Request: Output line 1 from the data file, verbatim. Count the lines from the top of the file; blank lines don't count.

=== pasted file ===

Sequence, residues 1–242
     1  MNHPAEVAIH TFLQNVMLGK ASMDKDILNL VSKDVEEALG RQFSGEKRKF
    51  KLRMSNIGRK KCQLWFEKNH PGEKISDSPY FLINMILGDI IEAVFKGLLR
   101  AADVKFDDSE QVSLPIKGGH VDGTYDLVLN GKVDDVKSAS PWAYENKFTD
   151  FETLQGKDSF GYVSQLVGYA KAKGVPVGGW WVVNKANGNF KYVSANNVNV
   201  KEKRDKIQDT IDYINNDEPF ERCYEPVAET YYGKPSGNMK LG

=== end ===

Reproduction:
Sequence, residues 1–242